We next wanted to determine if there is an important interaction between endothelin and 20-HETE in the regulation of blood pressure during chronic elevations in salt intake. It is well established that multiple components of the ET-1 system are upregulated within the renal medulla in response to increasing salt intake [21], and this contributes to the kidneys’ function in maintaining salt homeostasis and blood pressure. Because it has become increasingly apparent that 20-HETE has natriuretic properties, we hypothesized that increasing salt intake would lead to an elevation in renal medullary production of 20-HETE, and that this response would be attenuated with chronic intramedullary ET-B blockade. Indeed, rats placed on a HS diet had almost 3-fold higher renal medullary tissue levels of 20-HETE than rats on a NS diet. This response was completely abolished in rats with chronic intramedullary ET-B blockade (Figure 3) suggesting that increases in 20-HETE production in response to high salt is a result of ET-B receptor activation.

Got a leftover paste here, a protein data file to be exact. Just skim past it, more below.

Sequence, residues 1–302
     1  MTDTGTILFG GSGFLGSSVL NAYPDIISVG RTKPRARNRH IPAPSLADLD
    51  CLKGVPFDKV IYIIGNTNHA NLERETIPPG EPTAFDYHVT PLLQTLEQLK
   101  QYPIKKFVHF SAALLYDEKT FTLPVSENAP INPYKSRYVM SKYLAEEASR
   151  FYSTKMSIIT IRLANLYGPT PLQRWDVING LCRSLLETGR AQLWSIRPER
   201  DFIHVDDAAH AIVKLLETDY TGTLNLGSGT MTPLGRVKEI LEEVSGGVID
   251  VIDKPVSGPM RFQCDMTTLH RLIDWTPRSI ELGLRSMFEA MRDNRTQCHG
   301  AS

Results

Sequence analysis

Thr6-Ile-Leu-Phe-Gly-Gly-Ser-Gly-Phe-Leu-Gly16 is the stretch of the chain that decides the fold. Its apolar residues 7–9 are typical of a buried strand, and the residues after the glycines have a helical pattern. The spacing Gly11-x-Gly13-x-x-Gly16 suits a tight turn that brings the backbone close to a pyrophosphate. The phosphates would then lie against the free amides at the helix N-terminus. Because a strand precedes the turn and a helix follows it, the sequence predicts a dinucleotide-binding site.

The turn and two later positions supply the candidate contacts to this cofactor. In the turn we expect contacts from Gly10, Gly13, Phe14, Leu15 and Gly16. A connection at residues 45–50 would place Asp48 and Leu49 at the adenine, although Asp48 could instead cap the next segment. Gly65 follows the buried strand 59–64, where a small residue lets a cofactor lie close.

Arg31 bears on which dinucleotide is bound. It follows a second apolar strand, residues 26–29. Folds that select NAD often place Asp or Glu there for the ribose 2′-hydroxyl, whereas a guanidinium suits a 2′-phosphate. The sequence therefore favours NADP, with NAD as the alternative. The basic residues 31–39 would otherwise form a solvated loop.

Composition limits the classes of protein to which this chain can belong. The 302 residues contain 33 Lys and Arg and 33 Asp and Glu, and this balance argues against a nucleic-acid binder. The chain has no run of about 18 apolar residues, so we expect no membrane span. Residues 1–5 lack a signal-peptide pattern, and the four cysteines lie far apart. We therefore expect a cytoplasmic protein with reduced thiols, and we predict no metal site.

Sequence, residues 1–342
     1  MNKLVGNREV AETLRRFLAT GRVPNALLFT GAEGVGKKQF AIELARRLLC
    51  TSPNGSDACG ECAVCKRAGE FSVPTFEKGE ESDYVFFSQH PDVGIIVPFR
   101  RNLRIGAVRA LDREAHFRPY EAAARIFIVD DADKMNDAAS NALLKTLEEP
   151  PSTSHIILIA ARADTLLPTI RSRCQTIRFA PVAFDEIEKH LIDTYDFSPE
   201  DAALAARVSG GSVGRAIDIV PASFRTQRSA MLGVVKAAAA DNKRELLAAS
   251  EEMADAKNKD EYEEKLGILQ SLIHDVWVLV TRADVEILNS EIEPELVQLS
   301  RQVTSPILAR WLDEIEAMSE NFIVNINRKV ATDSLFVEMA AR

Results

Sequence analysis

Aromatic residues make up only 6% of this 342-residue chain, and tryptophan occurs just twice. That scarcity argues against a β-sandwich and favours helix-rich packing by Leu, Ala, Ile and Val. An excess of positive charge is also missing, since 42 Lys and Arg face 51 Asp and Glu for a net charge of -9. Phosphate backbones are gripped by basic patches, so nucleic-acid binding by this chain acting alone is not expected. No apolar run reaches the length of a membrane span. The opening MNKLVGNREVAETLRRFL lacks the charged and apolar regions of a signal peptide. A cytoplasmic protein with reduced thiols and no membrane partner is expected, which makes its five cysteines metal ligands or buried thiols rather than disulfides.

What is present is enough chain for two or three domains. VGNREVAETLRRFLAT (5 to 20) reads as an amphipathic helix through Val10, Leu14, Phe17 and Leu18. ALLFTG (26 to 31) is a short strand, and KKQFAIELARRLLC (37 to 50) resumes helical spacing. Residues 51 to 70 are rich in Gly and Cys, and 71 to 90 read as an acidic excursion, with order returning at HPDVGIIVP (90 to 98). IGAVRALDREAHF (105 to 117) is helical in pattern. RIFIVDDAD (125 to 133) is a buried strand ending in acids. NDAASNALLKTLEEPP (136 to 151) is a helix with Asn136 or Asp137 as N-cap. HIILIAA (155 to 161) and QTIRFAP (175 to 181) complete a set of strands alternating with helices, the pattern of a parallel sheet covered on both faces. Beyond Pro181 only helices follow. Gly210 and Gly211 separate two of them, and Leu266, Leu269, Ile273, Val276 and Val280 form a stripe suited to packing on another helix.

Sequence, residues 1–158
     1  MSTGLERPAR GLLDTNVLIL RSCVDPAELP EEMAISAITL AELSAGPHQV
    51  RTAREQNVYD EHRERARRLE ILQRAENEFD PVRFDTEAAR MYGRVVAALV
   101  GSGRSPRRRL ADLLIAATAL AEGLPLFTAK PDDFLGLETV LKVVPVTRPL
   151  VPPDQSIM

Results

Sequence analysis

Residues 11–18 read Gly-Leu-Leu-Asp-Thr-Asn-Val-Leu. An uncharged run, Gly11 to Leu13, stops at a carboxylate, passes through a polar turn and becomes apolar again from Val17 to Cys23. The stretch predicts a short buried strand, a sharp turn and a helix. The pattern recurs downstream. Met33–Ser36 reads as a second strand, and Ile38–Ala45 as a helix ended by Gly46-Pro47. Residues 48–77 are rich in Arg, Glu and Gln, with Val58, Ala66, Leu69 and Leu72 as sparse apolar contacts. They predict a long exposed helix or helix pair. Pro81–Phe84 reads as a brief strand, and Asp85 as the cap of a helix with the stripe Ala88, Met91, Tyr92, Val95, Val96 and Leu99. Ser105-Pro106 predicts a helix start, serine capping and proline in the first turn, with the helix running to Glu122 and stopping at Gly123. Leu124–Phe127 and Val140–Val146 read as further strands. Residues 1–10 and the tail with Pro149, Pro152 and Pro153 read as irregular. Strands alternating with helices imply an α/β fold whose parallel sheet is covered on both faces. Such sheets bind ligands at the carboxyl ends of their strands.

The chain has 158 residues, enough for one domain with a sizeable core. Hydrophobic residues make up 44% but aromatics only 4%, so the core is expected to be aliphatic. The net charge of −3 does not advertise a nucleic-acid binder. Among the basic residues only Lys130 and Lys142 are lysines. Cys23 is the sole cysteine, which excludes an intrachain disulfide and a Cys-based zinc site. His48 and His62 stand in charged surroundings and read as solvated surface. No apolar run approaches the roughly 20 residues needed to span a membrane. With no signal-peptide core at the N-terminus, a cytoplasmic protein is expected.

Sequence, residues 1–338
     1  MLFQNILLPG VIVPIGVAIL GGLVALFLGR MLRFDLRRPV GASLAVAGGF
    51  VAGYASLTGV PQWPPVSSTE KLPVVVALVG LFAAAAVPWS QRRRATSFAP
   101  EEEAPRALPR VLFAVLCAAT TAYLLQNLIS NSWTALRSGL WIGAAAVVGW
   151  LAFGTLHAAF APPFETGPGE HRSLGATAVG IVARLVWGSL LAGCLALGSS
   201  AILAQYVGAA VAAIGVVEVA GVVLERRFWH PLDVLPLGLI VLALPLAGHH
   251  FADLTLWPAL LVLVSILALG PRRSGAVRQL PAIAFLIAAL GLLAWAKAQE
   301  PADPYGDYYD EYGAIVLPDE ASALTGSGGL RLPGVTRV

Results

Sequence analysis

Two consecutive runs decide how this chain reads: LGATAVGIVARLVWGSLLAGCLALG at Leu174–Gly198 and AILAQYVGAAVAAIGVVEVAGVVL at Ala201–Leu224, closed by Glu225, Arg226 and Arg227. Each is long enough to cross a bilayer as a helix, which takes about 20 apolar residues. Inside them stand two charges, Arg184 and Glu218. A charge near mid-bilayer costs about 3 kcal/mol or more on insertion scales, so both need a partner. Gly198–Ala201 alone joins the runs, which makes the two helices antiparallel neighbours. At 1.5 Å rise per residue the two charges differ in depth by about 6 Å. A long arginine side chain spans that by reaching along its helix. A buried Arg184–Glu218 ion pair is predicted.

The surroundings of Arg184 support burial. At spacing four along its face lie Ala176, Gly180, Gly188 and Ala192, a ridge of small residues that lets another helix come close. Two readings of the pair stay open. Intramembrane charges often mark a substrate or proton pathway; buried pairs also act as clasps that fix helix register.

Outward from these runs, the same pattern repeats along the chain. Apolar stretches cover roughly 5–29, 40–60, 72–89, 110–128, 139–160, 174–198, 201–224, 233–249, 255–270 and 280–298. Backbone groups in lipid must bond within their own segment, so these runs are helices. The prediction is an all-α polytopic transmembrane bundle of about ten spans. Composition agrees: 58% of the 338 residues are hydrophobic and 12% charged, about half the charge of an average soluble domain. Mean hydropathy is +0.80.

Since we saw a significant reduction in 20-HETE production in rats chronically treated with an ET-B receptor antagonist, we next wanted to test the functional significance of this observation by comparing the hypertensive response to intramedullary ET-B receptor antagonism in the presence and absence of a 20-HETE inhibitor. We proposed that if 20-HETE plays an important role in mediating the chronic effects of renal medullary ET-1 on pressure natriuresis and blood pressure regulation during increases in sodium intake, the blood pressure response to medullary ET-B receptor blockade would be attenuated in the presence of a 20-HETE inhibitor. In the present study, we found that chronic intramedullary infusion of the ET-B receptor antagonist increased blood pressure by 40 mmHg. In contrast, intramedullary infusion of a 20-HETE inhibitor alone increased blood pressure by only 10 mmHg, thus, the maximum role for 20-HETE in mediating the blood pressure response to ET-B receptor blockade is about 10 mmHg. Consistent with this is our finding that in the presence of a 20-HETE inhibitor, chronic intramedullary infusion of the ET-B receptor antagonist increased blood pressure by only 25 mmHg or about 15 mmHg lower than when we infused ET-B receptor antagonist alone into the renal medulla. While these data suggest that 20-HETE may, in part, play an important role in mediating ET-B receptor function in response to a high salt intake, we cannot rule out an important interaction between ET-B receptor blockade, 20-HETE, and nitric oxide. As pointed out in the introduction, there is substantial evidence implicating NO in mediating some of the renal effects of ET-1, especially the collecting duct actions of ET-1. However, our data also implicates an important interaction between 20-HETE and ET-1, an interaction that may occur at nephron sites such as the medullary thick ascending limb where 20-HETE is produced.